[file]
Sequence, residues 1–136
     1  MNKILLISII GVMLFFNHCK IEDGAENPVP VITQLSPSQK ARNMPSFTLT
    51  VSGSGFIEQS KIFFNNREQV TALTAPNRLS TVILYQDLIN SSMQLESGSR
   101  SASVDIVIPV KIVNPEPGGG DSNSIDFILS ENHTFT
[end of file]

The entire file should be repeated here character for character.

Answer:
Sequence, residues 1–136
     1  MNKILLISII GVMLFFNHCK IEDGAENPVP VITQLSPSQK ARNMPSFTLT
    51  VSGSGFIEQS KIFFNNREQV TALTAPNRLS TVILYQDLIN SSMQLESGSR
   101  SASVDIVIPV KIVNPEPGGG DSNSIDFILS ENHTFT